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Morning markets: investors fear for rally's end

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Crops traded lower on Tuesday – but not yet by enough to prove that the market reversal that many investors have been fearing has begun.

Many traders had feared that the weak close to the last session, after a strong start, had signalled the end of fund buying, and the beginning of a long-awaited downtrend.

The lower close "could be an exhaustion from the buying seen lately", Mike Mawdsley at broker Market1 said.

At GrainAnalyst.com, Vic Lespinasse said the soft finish "could signal the rally is over, at least for now.

"Many traders think when a market doesn't react positively to bullish news, this is a sign it is heading in the opposite direction.

"I think it is still too early to come to this conclusion but the market certainly acted poorly," he added, singling out soybeans for a poor performance despite decent export data and a stronger dollar.

'Wild and thin'

However, there was some fundamental information to explain Tuesday's soft start too, with the dollar rebounding, and pushing the euro back below $1.49.

Updated US crop progress data showed decent progress in America's long-delayed corn harvest, which was pegged at 68% complete, at the upper end of traders' expectations.

The soybean harvest is close to finishing, with 94% done.

And, the joker in the pack is the prospect of America's Thanksgiving holiday on Thursday, which may make trading "wild and thin", Mr Mawdsley said.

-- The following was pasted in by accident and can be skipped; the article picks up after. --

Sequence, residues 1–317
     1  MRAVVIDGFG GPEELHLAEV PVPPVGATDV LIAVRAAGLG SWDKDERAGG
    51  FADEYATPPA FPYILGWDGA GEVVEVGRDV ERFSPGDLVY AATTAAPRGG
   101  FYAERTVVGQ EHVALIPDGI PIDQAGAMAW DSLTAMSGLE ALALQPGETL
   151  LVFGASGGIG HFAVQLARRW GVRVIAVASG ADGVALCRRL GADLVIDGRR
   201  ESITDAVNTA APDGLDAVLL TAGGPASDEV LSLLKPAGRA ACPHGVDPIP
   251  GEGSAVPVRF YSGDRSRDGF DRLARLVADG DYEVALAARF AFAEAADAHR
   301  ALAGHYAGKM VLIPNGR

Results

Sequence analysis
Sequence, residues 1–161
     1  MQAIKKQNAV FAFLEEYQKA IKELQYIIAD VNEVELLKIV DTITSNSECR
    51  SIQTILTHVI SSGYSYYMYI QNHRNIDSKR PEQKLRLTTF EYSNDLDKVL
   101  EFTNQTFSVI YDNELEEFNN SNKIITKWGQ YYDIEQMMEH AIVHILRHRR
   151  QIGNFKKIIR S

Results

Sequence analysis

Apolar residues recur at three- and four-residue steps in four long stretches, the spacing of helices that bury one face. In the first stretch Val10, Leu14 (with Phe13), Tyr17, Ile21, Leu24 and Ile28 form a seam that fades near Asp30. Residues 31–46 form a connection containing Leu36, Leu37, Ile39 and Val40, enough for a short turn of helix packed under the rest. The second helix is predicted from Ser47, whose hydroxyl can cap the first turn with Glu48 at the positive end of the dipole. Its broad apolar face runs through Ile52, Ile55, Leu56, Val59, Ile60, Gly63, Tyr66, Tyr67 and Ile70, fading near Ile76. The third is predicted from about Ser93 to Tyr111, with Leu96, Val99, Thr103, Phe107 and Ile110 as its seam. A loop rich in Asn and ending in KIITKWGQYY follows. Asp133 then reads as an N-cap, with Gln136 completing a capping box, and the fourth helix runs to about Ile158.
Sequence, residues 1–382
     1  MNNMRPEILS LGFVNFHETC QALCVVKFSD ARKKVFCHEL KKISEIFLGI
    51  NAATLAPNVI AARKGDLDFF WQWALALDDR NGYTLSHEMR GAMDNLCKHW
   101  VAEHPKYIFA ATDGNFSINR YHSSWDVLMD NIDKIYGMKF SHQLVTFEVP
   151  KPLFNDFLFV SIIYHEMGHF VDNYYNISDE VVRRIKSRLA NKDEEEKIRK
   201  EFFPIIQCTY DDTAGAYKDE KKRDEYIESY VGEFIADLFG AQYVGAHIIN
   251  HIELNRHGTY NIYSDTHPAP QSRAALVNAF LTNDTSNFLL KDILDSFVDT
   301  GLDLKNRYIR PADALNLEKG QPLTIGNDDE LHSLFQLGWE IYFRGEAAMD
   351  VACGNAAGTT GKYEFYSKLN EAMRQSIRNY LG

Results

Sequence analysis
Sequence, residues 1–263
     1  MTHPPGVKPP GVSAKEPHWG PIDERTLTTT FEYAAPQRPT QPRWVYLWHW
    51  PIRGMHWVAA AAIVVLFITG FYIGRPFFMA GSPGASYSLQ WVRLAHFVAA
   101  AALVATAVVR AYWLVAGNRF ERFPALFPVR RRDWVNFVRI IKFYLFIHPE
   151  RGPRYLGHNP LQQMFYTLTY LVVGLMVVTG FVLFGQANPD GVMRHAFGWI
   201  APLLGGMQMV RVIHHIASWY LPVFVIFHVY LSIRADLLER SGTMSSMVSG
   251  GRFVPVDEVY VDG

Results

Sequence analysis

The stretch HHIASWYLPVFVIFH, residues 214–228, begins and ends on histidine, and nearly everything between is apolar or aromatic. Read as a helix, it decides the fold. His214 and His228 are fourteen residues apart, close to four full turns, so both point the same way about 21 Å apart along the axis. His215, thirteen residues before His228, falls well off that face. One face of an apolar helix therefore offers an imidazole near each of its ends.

Planting delays

Chicago soybeans for January dipped 8.75 cents to $10.33 ¼ a bushel at 07:40 GMT, with December corn down 2.5 cents at $3.84 ¾ a bushel and its younger sibling, March, off 3 cents at $4.00 ¼ a bushel.

December wheat was relatively strong, down 2.5 cents at $5.54 ¾ a bushel for December delivery and 1.5 cents down at $5.77 a bushel for March.

It had some fundamental support from the crop progress report, which showed that while most US winter wheat plantings were near-complete, the average was kept down to 93% by big delays in states such as Arkansas and Missouri, which grow the soft red winter wheat traded in Chicago.

Palm slumps

Still, Chicago's losses weren't a patch on those witnessed in Kuala Lumpur, where benchmark February palm oil stood 2.0% lower at 2,442 ringgit a tonne.

Much of this was down to the poor finish by oilseed rival soybeans in the US on Monday – palm had ended up 3.1% at a 14-week high.

Traders also blamed a soft performance by oil, which stood 0.4% lower at $77.25 a barrel.

Still, there is hope for prices ahead, with Standard Chartered forecasting a recovery from the second quarter of 2010 to take them to an average of 3,000 ringgit a tonne next year, from 2,202 ringggit a tonne this year.

By Agrimoney.com

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